mullah akhtar mansour

We have it on highest authority: the recent killing of Taliban leader Mullah Akhtar Muhammad Mansour by a U.S. drone strike in Pakistan marks "an important milestone." But a question remains: A milestone toward what exactly?
What has brought a non-violent future closer to Afghanistan - giant sized military and surveillance systems or the accomplishments of young volunteers working to develop inter-ethnic projects?
The targeted assassination of Taliban leader Mullah Akhtar Mohammad Mansour last weekend wasn’t just another drone strike
Akhunzada, a former head of the Taliban's judiciary, vowed there would be no return to peace talks with the government.
Mullah Akhtar Mansour had "continued to plot against and unleash attacks on American and Coalition forces," Obama stated.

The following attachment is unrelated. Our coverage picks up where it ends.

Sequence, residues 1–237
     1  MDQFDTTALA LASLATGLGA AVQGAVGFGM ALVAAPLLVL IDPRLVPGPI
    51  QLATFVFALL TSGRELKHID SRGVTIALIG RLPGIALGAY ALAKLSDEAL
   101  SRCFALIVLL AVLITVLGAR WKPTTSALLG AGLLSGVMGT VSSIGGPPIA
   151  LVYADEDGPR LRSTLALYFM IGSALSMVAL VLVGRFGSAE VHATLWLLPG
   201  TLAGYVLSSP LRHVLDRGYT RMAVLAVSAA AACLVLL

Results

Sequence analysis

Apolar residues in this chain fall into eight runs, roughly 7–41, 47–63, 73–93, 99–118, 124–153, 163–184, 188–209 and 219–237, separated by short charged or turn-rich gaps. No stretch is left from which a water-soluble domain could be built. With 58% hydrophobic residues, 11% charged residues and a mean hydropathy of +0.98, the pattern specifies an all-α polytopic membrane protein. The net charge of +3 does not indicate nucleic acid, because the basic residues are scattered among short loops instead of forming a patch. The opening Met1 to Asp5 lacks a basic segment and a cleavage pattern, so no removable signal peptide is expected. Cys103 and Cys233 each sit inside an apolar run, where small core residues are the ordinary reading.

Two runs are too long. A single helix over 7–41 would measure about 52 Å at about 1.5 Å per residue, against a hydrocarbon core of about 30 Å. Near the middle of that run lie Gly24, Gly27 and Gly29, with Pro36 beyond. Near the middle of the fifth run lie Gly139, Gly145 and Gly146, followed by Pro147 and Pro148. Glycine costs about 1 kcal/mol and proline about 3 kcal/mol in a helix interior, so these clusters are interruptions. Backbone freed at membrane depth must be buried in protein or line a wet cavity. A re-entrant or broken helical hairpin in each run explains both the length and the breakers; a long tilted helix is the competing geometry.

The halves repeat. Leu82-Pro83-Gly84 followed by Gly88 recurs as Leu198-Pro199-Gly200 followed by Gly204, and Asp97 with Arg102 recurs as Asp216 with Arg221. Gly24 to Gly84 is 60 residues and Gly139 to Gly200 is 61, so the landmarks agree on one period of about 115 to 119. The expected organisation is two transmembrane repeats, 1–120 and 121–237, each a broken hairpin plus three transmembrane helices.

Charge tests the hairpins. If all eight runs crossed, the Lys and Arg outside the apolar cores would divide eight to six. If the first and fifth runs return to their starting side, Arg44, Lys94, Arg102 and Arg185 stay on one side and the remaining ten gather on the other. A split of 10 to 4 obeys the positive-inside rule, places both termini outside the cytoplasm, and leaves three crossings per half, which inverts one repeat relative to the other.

The Taliban have made no official statement but two commanders close to Mansour denied he was dead.
Several sources in the Taliban have said that Mansour was seriously wounded and possibly killed in a shootout.
While relatively few Afghans are anxious to see the Taliban's return, many seem willing to believe their promises to govern differently than in the past. Incidents like the strike on Kunduz's Doctors Without Borders hospital by American gunships can also serve to channel anger against a Kabul regime reliant on foreign troops.
On Saturday, NATO-led coalition forces confirmed that one international service member and eight Afghan contractors were
He called the decision to conceal ex-leader Mullah Omar's death a "historic mistake."
The height of the Pakistani state's chutzpah is that it does not only harbor these terrorists for decades and unleash them on the neighbors and the world, but also that it wants to be given credit and a thank you note even when America or Allah takes them out. The fundamental question about Mullah Omar's death in Karachi is who in Pakistan knew about his presence there, when did they know it and what, if anything at all, did they do about it.